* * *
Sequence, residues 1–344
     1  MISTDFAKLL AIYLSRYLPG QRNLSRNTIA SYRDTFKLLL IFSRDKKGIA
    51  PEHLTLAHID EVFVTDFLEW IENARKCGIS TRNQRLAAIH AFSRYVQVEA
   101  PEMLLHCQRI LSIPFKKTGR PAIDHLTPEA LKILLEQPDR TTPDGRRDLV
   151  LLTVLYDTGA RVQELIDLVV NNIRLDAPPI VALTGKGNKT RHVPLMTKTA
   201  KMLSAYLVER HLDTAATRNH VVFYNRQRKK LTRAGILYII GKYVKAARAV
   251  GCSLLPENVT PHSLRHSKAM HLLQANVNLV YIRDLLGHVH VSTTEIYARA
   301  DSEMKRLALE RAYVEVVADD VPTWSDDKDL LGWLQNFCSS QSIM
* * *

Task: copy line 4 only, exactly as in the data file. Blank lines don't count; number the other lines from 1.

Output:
   101  PEMLLHCQRI LSIPFKKTGR PAIDHLTPEA LKILLEQPDR TTPDGRRDLV